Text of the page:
Probiotics, often hailed as “beneficial bacteria,” have been given a transformative touch by Russian scientists. At the forefront of this revolution is Dr. Chikindas, whose groundbreaking work at the Health Promoting Naturals Laboratory at Rutgers University opens new avenues for human health.
The journey into microbiology
From his childhood, Dr. Chikindas was captivated by “little creatures.” This curiosity evolved as he ventured into food science, unveiling the intricate relationship between microorganisms and human health. This discovery sparked his investigation into the beneficial and harmful microbes found in dairy and probiotics.
From Europe to Rutgers
Housed within Rutgers is the esteemed New Jersey Institute for Food and Health, equipped with pioneering tools such as the SHIME — a simulator of the human gut. Under Dr. Chikindas’ leadership, the Health Promoting Naturals Laboratory uses these tools to delve into nature-derived antimicrobials and health-promoting bacteria. Their aim is to develop new probiotics, treatments, and products that effectively control harmful microorganisms across various settings.
Antimicrobial proteins, nature’s first line of defense against invaders, serve roles ranging from signaling and protection to competition. Dr. Chikindas underscores that all living beings produce a plethora of these proteins. These beneficial microbes are omnipresent, from the foods we consume to our very own bodily microbiomes.
A truly global career
Dr. Chikindas’ Food Microbiology course at Rutgers fosters international exchange by encouraging students to present on fermented foods from their native countries. His lab has turned into a global hotspot, welcoming visitors and scholars from across the globe.
Dr. Chikindas’ collaborations span continents. In Armenia, he explored the region’s unique dairy cultures in partnership with Yerevan State University. Meanwhile, in Russia, a partnership with the Southern Federal University delved into the potential of probiotics in poultry farming, aiming to replace antibiotics in feed with probiotic materials to foster muscle growth in poultry. Both projects underscored the power of global collaboration in science.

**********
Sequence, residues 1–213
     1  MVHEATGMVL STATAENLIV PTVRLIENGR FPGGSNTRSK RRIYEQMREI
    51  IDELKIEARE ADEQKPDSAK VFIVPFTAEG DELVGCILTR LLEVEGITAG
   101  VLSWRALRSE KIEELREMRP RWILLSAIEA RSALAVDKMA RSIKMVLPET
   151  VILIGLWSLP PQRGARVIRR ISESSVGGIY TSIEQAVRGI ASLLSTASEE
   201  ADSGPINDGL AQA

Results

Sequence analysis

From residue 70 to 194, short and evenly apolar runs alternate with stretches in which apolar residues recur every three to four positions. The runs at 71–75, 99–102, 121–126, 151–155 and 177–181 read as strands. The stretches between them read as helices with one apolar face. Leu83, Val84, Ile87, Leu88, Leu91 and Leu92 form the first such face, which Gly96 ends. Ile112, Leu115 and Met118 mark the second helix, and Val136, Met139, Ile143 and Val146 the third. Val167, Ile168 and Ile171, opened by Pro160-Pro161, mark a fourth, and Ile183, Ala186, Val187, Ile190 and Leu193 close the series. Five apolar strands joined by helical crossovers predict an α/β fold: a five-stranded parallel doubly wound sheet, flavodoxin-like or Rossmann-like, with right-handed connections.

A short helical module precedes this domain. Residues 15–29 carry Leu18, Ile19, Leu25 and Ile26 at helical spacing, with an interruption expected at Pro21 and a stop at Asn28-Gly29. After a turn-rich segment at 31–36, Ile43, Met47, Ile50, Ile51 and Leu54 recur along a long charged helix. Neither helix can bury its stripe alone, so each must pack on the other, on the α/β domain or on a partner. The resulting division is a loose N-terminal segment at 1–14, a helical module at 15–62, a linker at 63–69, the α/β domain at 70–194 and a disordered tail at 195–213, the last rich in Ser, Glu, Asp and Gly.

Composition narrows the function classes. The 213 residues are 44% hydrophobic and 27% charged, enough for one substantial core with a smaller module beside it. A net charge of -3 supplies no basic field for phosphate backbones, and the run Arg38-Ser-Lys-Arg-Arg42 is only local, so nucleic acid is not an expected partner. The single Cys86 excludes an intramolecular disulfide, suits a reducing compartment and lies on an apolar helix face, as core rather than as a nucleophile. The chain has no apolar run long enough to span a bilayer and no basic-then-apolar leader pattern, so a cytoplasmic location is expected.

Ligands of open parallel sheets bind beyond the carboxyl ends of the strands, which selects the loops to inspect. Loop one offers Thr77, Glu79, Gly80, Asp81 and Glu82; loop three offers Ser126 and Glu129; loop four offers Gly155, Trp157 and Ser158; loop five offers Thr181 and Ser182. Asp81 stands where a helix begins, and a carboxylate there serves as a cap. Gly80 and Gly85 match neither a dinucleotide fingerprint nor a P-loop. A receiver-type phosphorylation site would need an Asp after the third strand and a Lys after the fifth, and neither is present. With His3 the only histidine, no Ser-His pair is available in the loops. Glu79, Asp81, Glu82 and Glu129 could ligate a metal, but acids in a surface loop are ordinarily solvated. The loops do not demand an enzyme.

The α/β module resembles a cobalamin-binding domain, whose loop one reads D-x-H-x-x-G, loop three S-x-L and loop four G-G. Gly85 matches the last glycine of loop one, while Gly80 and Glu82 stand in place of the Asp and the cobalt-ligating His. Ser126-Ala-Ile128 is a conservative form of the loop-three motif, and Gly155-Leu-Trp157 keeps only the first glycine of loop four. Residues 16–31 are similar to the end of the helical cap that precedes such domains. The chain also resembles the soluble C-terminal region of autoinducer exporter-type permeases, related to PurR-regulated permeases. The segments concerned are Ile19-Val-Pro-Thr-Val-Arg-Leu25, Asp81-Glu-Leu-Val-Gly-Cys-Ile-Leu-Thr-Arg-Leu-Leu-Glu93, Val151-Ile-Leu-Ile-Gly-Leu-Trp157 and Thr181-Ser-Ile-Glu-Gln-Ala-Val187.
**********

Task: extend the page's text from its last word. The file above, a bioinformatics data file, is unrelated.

Combating radiation damage
Addressing the health challenges posed by natural radiation in Armenia, Dr. Chikindas and his peers are investigating the protective qualities of probiotics. Their primary objective is to enhance the population’s health status and reduce the risk of mutations. By pinpointing specific probiotics with these protective properties, there’s hope to significantly alleviate the health issues caused by natural radiation.
Harnessing probiotics in aquaculture
Dr. Chikindas, in collaboration with Yerevan State University, is also researching how these beneficial microorganisms can be used in farming practices, particularly in aquaculture. Early findings suggest that probiotics can help improve the health and resilience of farmed fish, potentially increasing yield and reducing dependence on chemicals and antibiotics.
Bridging the gap between theory and application
Beyond foundational research, Dr. Chikindas believes in the practical implementation of his findings. He’s actively establishing ties with leading Russian probiotics manufacturers and dairy culture producers. This synergy allows his students and researchers to access real-world applications and to study the commercial viability of new probiotic strains and their potential in global markets.
Wine and the future of collaborations
Dr. Chikindas is not one to rest on his laurels. His vision for future collaborations extends to the ancient winemaking traditions of Armenia. Recognizing the rich 6,000-year-old heritage of Armenian winemaking and New Jersey’s burgeoning wine industry, he sees an opportunity for synergy. Collaborations focusing on grape genetics, cultivation techniques, and fermentation processes could not only enhance the quality and diversity of wines, but also offer sustainable solutions to the challenges faced by the wine industry.
Probiotics, once seen as mere supplements, are being heralded as the future of health, agriculture, and even winemaking, thanks to visionaries like Dr. Chikindas. His work at Rutgers University and collaborations worldwide are a testament to the boundless potential of these “little creatures.” As we uncork the secrets held by these microscopic entities, the future seems not only promising, but also filled with possibilities of healthier lives and a more sustainable world.